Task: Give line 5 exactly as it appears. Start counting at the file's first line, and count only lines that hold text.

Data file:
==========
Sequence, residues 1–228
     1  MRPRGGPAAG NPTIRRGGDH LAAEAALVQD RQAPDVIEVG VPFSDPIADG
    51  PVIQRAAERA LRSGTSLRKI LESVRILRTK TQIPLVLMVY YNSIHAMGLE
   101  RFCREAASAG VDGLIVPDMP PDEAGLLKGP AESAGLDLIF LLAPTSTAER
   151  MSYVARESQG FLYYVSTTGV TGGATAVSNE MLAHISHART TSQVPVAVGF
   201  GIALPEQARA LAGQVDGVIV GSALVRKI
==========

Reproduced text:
   151  MSYVARESQG FLYYVSTTGV TGGATAVSNE MLAHISHART TSQVPVAVGF